A project undertaken at The University of the South Pacific Fiji, and supervised by Dr Amanda Ford.
Tropical coral reefs are being fundamentally altered by climate change impacts and local anthropogenic stressors. Widespread ecosystem shifts characterised by losses of hard corals and emerging dominance of alternative groups threaten the continued provision of ecosystem services to millions of humans. Understanding the dynamics of these alternative taxa that threaten the health and resilience of coral-dominated systems is thus imperative. While macroalgae have received the bulk of attention for dominating shifted or degraded reefs, this project aims to investigate the ecology of one microbial group that has received little research attention but is increasingly causing concern at reef locations worldwide: benthic cyanobacterial mats (BCMs).
BCMs grow as a filamentous ‘carpet’ over sand, hard substrate, or living organisms such as corals or algae which can consequently die. In the last decade, BCM coverage exceeding 50% has been reported from multiple locations, including reefs in the Pacific Island region. Limited temporal and spatial data has precluded detailed exploration into the factors that facilitate BCM proliferation, but declining water quality and elevated temperatures are expected to be primarily responsible, similar to freshwater cyanobacterial blooms which are better studied. BCMs are becoming increasingly prevalent across Fiji, also perplexingly at remote and otherwise pristine areas, and for the first time have been observed to persist through the cold season.
Drivers of BCM abundance are thus complex and understudied, deeming management interventions challenging. Furthermore, once BCMs are established, a myriad of self-perpetuating feedback cycles are hypothesised to reinforce reef decline. Additionally, cyanobacteria can produce many toxins, and neurotoxins in benthic cyanobacteria have been linked to a sickness that manifests very similarly to ciguatera fish poisoning, therefore suggesting there may be implications for human health.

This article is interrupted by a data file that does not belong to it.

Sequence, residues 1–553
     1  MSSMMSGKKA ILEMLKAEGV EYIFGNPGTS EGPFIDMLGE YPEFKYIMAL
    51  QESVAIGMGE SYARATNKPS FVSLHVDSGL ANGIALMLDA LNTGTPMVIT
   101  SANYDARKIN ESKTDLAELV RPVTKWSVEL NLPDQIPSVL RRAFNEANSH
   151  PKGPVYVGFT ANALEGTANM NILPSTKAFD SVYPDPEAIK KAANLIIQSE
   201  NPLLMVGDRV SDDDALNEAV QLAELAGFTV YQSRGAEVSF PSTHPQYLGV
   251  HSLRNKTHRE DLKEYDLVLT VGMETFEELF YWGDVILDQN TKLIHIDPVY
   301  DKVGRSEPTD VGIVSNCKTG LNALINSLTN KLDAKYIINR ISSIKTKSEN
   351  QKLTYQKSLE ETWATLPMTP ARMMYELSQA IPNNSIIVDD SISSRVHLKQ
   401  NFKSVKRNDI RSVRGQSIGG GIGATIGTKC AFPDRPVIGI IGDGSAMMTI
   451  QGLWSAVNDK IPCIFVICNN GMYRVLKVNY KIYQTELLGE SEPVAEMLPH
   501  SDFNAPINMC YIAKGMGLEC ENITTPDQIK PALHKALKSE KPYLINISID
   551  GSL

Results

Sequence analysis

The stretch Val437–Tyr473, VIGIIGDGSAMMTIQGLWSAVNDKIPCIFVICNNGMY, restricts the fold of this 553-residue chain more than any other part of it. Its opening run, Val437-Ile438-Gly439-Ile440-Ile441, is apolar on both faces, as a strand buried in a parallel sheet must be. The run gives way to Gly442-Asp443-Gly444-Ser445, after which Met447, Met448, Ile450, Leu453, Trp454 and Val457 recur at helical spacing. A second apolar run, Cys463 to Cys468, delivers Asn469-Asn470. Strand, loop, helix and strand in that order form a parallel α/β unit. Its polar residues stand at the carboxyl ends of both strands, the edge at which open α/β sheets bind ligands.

To address these issues, this project has four main objectives:
(1) Analyze survey data from reefs across Fiji to generate baseline data on the spatial distribution of BCMs and to determine how BCM cover relates to environmental features and other benthic attributes.
(2) Perform regular fine-scale surveys at Fiji’s Coral Coast and consistently record environmental conditions to generate data on temporal dynamics of BCMs on a set of inshore reefs, and record the different morphological features, growth dynamics, and toxicity of the common BCM types.
(3) Assess how the most prevalent BCMs impact reef fish herbivory functions to determine whether they affect critical ecosystem processes.
(4) Test the competition dynamics between BCMs and local coral species with different morphologies and how this links to BCM toxicity and composition.